Time and again the current presidential campaign has defied tradition, shedding any familiarity to previous election cycles. After a brutal primary season for candidates, the two presidential nominees and their running mates are ramping up the rhetoric.
The next 100 days are sure to mired in mudslinging, with more tweets, nicknames, and distractions from the real issues facing the nation.
Not all political discourse is petty. This weekend, I had the great opportunity to moderate a round table discussion in Austin, Texas. Three panelists with extensive backgrounds in politics and government provided a fascinating look at what is steering the national conversation into uncharted territory, including what one panelist called our “Kim Kardashian culture” that invents drama for entertainment.
This weekend’s A-List round table included:
Ted Jarrett is the go-to manager for the largest and most complicated mail projects in the political arena. He implements voter communication projects for high-profile political campaigns & nonprofit groups. Some of his clients include: President George W. Bush, Sen. John McCain for President, Rudy Giuliani, & Gov. Chris Christie. Ted has worked as a senior advisor for trade associations, Fortune 50 companies and political figures in the private sector. Over the years he has serviced a wide array of corporate and issue-oriented clients including Ford Motor Company, Microsoft, AT&T and the U.S. Chamber of Commerce.
Josh Phoebus, who has held senior-level positions for Democratic candidates at the federal, state, and local level. Phoebus was responsible for designing and implementing field strategies in Monmouth County for New Jersey Governor Jon Corzine’s successful 2005 gubernatorial campaign. He also managed fundraising efforts for Virginia Gov. Creigh Deeds and led fundraising events for Sen. Amy Klobuchar of Minnesota and Vice President Joe Biden. Phoebus currently works for the American Academy of Nursing in Washington, DC as its Development Manager.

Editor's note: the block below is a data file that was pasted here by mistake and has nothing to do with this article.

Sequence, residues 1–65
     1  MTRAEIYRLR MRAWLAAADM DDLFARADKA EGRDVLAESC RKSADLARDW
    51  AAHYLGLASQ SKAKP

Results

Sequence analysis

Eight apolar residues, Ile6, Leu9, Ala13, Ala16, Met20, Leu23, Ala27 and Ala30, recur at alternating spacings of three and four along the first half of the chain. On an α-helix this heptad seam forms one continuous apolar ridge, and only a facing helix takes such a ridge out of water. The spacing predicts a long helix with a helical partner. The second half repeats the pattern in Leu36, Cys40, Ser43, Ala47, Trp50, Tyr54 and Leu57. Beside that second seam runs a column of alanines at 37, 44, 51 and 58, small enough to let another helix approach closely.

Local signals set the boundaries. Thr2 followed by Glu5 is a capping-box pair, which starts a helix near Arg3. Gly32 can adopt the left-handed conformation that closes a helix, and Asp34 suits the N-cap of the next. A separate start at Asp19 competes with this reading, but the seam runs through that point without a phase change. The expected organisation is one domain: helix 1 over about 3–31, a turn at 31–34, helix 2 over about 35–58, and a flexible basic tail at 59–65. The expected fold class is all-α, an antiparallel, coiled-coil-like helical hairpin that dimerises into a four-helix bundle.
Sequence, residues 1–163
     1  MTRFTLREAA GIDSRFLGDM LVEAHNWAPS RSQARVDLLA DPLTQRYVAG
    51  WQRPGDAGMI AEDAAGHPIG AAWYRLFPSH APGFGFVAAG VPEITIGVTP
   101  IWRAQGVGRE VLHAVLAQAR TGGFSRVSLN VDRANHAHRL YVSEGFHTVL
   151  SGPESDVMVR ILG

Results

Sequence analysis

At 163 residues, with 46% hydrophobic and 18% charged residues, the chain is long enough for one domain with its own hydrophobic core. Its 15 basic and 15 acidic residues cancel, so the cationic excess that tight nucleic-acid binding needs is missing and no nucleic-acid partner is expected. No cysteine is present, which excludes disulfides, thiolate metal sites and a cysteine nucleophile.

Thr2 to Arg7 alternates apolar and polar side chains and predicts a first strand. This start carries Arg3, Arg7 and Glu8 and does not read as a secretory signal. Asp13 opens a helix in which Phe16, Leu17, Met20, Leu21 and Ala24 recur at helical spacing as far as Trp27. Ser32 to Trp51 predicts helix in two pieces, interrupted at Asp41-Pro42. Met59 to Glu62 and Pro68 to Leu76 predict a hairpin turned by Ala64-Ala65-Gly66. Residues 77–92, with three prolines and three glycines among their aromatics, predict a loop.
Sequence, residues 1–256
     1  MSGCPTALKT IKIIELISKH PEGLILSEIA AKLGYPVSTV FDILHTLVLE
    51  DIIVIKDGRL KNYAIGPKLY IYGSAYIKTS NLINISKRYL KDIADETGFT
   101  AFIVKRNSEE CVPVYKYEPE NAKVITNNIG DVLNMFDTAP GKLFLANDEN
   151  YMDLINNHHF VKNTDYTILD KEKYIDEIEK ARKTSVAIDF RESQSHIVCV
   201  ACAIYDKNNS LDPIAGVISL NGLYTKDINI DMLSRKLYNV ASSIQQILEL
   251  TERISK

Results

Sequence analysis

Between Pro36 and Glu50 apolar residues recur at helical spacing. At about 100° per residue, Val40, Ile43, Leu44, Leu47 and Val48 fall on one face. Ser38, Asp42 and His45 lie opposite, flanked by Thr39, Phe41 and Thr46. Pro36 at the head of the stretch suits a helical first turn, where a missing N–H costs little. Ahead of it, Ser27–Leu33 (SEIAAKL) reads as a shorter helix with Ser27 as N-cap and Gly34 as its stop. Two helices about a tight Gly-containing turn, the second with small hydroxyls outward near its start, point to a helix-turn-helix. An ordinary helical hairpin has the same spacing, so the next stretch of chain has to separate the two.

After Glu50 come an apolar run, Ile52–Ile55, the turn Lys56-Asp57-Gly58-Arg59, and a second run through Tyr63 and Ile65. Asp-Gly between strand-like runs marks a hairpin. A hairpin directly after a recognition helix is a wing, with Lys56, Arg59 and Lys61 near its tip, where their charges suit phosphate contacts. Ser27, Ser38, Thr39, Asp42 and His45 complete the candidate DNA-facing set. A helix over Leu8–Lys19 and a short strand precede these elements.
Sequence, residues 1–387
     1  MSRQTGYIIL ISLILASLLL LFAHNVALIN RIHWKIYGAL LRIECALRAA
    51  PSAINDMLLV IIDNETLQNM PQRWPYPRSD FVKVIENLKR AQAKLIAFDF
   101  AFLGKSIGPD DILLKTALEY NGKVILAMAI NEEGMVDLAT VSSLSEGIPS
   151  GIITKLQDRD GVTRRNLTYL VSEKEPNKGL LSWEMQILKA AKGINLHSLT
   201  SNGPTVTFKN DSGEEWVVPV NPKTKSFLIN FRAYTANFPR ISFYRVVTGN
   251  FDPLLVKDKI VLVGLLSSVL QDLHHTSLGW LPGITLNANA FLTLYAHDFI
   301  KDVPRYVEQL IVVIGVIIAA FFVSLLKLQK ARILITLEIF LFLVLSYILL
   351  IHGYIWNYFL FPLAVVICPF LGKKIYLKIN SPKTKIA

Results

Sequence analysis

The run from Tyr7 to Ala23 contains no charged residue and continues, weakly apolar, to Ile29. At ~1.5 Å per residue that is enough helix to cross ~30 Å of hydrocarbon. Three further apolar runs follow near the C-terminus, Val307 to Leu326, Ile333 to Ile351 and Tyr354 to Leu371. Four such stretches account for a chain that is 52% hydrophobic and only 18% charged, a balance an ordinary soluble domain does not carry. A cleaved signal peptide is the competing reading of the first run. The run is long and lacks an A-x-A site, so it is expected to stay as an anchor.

General Tom Carter, who served as Air Force Aide to President Ronald Reagan, carrying the “nuclear football” and attended the President on the days he was reelected and re-inaugurated. Later selected as the Assistant for National Security Affairs to Republican Leader Bob Dole in the U.S. Senate. Secretary of Defense Dick Cheney recruited Tom to serve as as Deputy Assistant Secretary of Defense for Legislative Affairs, guiding the passage of the Use of Force Resolution to start Operation Desert Storm. After several years of consulting and flying, Tom returned to government serving in Iraq as the chief legislative liaison for the Coalition Provisional Authority, hosting congressional members in Iraq weekly.
The panelists’ conversation was civil, even if they strongly disagreed on a range of topics, including the economy, health care, foreign relations, military, terrorism, domestic security, and missteps made by each campaign. They also analyzed the strategy involved in planning party conventions and selecting vice presidential candidates to create an ideal ticket.
With all the chatter on traditional and social media, dissecting the 2016 election will certainly be no easy task for the average voter. It’s my hope that civil, informed discussions like these will help America select its next President based on personal convictions, rather than fabricated narratives.